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Wed August 29, 2012
With Photo And A Joke, Neil Bush Becomes Internet Sensation In China
Originally published on Wed August 29, 2012 3:29 pm
China's latest online sensation is a Bush, but perhaps surprisingly, it's neither the 41st or the 43rd President of the US. In fact, Neil Bush, the younger brother of 43 and the son of 41 has become an online sensation in China after posting a joke photo on China's version of twitter.
Neil Bush was virtually unknown in China a week ago, despite being co-chairman of Beijing-based real estate company, CIIC.
He opened an account on China's vibrant micro-blogging platform, Weibo, back in August 2011 by introducing himself in Chinese, as "the unpolitical member of a very political American family."
Now his microblog has become a hot political topic inside China, after he posted a photo of himself wearing a Communist-style green cap with a red star. Slung across his chest is a bag emblazoned with Chairman Mao's slogan "Serve the People", and he's holding a mug featuring Chairman Mao.
The caption — accompanied by a chuckling face icon — reads, "I'm thinking of joining the Chinese Communist party. What do you think of my accessories?"
This picture has been forwarded almost ten thousand times, with more than five thousand comments posted, mostly sarcastic, which is not atypical on China's microblogs. Most of the comments have not been censored or deleted.
One user wrote, "To join our party, you need to know how to be corrupt and how to take bribes, how to rape young girls and how to cheat and hurt ordinary people. These are not things that ordinary people can do. Can you do that?"
Another offered to sponsor him in exchange for a Green Card, while one wit joked that he would only qualify if he absconded to the US with 200 million dollars, in a reference to a city party secretary, Wang Guoqiang, who fled to the US with his wife and reportedly millions of dollars.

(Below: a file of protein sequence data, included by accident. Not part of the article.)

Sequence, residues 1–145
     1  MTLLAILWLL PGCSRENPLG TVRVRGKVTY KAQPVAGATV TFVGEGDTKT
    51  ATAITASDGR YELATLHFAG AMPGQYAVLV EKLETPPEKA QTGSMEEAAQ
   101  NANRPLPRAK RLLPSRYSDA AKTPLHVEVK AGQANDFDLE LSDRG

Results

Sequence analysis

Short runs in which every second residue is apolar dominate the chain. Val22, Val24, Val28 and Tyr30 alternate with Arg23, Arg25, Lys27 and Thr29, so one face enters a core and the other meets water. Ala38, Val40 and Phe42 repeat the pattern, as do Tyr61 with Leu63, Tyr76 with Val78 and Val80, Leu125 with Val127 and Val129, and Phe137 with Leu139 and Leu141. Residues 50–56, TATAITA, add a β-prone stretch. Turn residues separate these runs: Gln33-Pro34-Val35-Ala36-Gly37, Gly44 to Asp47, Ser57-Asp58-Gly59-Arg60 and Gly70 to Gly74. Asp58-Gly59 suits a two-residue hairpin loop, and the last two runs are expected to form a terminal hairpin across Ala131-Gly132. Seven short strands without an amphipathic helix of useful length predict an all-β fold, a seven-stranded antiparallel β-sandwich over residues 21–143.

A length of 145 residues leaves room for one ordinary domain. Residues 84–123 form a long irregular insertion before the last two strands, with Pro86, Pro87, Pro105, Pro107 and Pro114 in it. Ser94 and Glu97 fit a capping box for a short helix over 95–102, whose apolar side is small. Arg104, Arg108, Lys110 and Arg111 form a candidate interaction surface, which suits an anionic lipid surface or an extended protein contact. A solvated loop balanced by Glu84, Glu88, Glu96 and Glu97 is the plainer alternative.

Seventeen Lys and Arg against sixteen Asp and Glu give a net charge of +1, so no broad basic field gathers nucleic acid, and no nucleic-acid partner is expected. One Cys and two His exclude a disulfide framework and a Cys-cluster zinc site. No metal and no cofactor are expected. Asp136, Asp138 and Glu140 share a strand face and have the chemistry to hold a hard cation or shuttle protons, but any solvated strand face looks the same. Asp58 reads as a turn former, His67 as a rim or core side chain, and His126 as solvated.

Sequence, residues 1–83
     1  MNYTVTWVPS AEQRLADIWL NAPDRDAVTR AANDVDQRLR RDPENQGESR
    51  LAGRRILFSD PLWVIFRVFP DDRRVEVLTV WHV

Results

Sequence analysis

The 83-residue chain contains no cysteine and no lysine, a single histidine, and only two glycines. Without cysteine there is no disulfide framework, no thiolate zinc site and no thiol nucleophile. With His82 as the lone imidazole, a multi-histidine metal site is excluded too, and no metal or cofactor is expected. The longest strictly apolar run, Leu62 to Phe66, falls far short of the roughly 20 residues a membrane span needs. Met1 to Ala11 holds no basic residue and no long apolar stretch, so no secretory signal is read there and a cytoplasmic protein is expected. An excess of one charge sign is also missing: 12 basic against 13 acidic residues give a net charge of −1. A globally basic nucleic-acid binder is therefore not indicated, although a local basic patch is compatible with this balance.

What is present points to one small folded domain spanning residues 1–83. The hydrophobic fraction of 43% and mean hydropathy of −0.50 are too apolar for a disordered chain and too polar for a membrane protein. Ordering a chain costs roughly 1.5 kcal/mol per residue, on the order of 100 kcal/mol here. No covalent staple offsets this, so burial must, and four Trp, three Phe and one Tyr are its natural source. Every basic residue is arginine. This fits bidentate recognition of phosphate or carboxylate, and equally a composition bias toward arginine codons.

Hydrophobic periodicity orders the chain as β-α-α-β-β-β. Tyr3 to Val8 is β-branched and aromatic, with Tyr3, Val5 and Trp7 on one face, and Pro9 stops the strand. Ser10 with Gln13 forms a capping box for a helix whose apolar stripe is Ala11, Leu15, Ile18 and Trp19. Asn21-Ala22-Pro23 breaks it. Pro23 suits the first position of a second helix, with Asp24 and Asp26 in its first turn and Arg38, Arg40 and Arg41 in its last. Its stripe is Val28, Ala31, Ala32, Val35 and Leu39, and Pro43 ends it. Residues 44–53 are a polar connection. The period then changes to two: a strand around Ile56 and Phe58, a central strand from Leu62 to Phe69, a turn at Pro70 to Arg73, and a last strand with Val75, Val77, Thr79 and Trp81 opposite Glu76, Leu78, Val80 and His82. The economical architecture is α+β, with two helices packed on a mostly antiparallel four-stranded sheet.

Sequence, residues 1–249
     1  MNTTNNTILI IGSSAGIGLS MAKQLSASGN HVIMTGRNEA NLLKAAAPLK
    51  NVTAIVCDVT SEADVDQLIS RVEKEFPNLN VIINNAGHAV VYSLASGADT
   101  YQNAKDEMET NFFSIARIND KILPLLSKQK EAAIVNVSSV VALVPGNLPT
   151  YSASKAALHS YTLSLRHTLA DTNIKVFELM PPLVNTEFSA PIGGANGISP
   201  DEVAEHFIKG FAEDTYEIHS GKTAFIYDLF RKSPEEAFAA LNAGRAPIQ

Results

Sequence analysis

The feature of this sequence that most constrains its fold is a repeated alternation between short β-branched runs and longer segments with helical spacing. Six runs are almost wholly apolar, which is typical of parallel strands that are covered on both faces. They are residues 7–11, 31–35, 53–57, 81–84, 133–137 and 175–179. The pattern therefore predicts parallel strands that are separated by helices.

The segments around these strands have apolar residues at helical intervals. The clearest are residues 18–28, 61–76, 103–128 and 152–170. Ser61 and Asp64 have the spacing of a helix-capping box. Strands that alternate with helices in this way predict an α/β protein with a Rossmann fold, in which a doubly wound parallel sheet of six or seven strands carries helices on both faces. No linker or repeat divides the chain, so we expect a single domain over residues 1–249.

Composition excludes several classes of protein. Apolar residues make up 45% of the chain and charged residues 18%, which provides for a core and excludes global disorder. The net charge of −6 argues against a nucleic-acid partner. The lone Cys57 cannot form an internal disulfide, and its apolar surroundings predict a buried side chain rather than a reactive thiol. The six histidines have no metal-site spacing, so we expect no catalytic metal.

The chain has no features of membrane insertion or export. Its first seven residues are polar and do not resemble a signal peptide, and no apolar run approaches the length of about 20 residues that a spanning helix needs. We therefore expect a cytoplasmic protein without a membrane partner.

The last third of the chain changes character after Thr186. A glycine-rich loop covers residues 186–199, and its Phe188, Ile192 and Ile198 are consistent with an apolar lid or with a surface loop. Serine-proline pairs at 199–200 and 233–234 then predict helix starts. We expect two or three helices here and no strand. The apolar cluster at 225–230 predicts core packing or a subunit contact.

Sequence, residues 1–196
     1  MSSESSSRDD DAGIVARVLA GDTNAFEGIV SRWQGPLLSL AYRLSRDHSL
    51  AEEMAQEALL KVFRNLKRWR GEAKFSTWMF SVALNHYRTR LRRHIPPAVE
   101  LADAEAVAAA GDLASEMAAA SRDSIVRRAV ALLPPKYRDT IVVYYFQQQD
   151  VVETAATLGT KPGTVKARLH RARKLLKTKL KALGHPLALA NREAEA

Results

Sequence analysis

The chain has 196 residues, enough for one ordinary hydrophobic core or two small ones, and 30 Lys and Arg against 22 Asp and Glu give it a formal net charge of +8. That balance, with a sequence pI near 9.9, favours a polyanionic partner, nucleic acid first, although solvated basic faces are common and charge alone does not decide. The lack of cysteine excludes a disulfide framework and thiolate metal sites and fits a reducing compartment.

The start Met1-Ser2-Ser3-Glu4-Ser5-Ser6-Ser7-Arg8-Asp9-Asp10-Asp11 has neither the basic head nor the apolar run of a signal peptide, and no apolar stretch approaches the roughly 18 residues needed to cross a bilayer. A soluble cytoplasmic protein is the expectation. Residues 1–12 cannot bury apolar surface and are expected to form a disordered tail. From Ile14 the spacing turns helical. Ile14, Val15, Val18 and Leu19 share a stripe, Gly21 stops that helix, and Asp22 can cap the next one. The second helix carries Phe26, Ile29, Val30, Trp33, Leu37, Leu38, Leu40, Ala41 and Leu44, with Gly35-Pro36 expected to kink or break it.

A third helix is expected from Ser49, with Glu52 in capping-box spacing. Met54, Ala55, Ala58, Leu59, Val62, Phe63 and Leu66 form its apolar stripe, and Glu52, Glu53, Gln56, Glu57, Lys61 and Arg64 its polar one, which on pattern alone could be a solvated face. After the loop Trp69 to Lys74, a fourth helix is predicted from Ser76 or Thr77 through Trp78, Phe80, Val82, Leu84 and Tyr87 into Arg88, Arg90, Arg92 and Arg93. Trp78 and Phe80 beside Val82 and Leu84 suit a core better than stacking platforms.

The wealth of China's Communist party members has been much discussed on the internet, with bloggers joking that the legislative session in March should be rechristened Beijing Fashion Week due to the parade of luxury accessories on display. So several wags joked that Bush had noticed the CCP is becoming one of the world's richest political parties.
Another popular comment was that Bush's accessories don't make the grade: Today's basic Communist party gear, one netizen said, includes a Patek Philippe watch and a Hermes bag.
China's own political culture of brutal political campaigns and purges was also skewered, with one Internet user suggesting CCP membership would only be possible if Bush took part in Cultural-revolution-style "struggle sessions" criticising both the junior and the senior presidents in his family.
But others expressed concern about the tastefulness of the photo, drawing parallels to dressing up in Nazi-era uniform. But as one of the few Chinese media reports about this points out, the popularity of Bush's post has little to do with his own political pedigree.
Rather China's unruly online masses are using this as a platform to vent their anger at the Communist party.
(Louisa Lim is NPR's Beijing correspondent.)